It was already an unusual day at Foss High School. Receiver-turned-quarterback Chris “Scooby” Reynolds had misplaced his normal practice jersey at home, and ended up taking to the offensive huddle wearing No. 99.
And while his passes sometimes wobbled and veered off line, coaches cheered as if NFL Hall of Famer Joe Montana was working behind center.
Then came the truth — the reason Reynolds was anointed the starter midway through summer. With a play breaking down, the 6-foot-3, 195-pounder darted through a crease, juked a couple of teammates and had an unsuspecting free safety waiting to stop the action.
Reynolds plowed right over him, and took off down the field until the whistle stopped play.
Never miss a local story.
“It was a (junior varsity) dude,” the soft-spoken Reynolds said afterward. “I am not trying to hurt anyone.”
Ask anybody in the program, all will agree — Reynolds gives Foss the best chance to contend in what should be a very competitive 3A Narrows League this season.
“Our kids follow him,” Foss coach Patrick Johnson said, “because he is our best player.”
Last season, Reynolds — a Canadian native who was given the “Scooby” nickname by his mother because his big, brown eyes as a baby reminded her of cartoon hero Scooby-Doo — hauled in 25 passes for 366 yards and a team-high five touchdowns.
If he plays college football, he likely will be on the defensive side. He had four interceptions last season at cornerback.
Incumbent Isaiah Littlejohn was expected to retain the starting quarterback job, but he left school before spring camp.
Johnson immediately tabbed Michel “Mike” Cocke’, who was one of Littlejohn’s backups but also played wide receiver, as his new starting signal-caller.
And for the one day Cocke’ attended the Fife High School summer camp with his teammates, he looked poised to keep the job. He then took off to attend individual camps at Central Washington and Eastern Washington universities.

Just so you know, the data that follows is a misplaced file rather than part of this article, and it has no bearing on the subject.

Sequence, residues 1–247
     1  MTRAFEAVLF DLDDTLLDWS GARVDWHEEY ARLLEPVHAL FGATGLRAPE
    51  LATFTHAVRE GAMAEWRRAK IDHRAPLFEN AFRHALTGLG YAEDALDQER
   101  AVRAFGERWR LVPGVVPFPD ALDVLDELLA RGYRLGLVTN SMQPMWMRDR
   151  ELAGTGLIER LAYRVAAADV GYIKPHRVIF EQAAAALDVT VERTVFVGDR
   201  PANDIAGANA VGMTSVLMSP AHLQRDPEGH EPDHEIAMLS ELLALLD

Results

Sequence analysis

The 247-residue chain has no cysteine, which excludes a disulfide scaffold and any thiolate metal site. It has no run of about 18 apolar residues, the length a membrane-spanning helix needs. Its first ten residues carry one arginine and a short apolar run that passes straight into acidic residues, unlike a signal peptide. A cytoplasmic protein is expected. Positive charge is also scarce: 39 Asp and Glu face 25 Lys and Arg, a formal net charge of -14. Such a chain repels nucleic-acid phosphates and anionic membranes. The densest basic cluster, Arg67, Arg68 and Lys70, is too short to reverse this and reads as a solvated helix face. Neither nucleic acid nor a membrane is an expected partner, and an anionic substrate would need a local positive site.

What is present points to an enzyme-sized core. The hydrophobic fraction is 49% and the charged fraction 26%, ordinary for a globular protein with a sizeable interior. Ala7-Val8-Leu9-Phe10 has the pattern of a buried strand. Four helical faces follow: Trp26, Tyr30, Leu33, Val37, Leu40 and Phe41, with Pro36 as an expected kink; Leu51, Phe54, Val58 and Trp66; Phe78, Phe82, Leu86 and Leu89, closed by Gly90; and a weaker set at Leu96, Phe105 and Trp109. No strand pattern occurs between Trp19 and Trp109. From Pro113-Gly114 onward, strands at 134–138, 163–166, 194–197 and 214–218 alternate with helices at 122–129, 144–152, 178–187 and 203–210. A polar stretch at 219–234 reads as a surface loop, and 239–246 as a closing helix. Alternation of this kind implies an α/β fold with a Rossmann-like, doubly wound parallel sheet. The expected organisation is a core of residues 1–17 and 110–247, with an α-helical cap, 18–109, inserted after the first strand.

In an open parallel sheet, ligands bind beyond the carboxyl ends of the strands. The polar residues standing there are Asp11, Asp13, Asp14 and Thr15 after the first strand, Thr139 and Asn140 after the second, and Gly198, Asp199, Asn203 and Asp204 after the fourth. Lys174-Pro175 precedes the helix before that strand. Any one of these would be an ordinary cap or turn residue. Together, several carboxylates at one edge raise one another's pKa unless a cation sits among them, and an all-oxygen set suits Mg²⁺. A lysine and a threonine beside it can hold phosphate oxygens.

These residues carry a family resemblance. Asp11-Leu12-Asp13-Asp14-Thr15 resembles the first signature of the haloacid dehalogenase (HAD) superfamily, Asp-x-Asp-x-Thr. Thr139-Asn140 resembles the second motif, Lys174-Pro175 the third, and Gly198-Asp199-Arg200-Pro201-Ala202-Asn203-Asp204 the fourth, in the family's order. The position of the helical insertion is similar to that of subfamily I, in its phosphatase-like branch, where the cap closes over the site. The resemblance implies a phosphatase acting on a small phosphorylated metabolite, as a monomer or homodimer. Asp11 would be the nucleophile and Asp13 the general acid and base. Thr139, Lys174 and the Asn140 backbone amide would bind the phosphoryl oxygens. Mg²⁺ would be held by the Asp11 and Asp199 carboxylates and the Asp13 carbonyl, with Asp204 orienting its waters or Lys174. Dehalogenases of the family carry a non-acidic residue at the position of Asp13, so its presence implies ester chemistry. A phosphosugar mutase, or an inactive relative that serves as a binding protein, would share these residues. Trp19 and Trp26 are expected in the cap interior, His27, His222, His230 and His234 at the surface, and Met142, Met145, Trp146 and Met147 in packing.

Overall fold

Needing somebody to run the offense, Johnson asked Reynolds to fill in.
“I didn’t have any (repetitions),” Reynolds said. “But I used to play quarterback from fifth to seventh grade.”
Reynolds showed enough promise to give Johnson something to mull over. And when Cocke’ returned as the most valuable player in the receiver group at the Eastern camp, roles began falling into place.
Reynolds became the No. 1 quarterback, and Cocke’ became the top receiver.
“It will probably be tough on him at first,” Cocke’ said. “It’s a totally different position. But I think he will get the hang of it. He is a good enough athlete with a good enough arm.”
Johnson wants to keep Reynolds’ workload simple: Make clean handoffs to running backs, make one-read decisions in the passing game, and, above all, protect the football at all times.
“That should take the thought process out of it,” Johnson said.
Foss is ready to live with the ups and downs of a new quarterback, but should benefit from a few big plays, too.
“I feel like this will show I can run in the open field and make cuts, and show I have some football smarts,” Reynolds said. “And I am not worried about getting hit. If I get hit, I get hit — as long as I first get my receivers the ball.”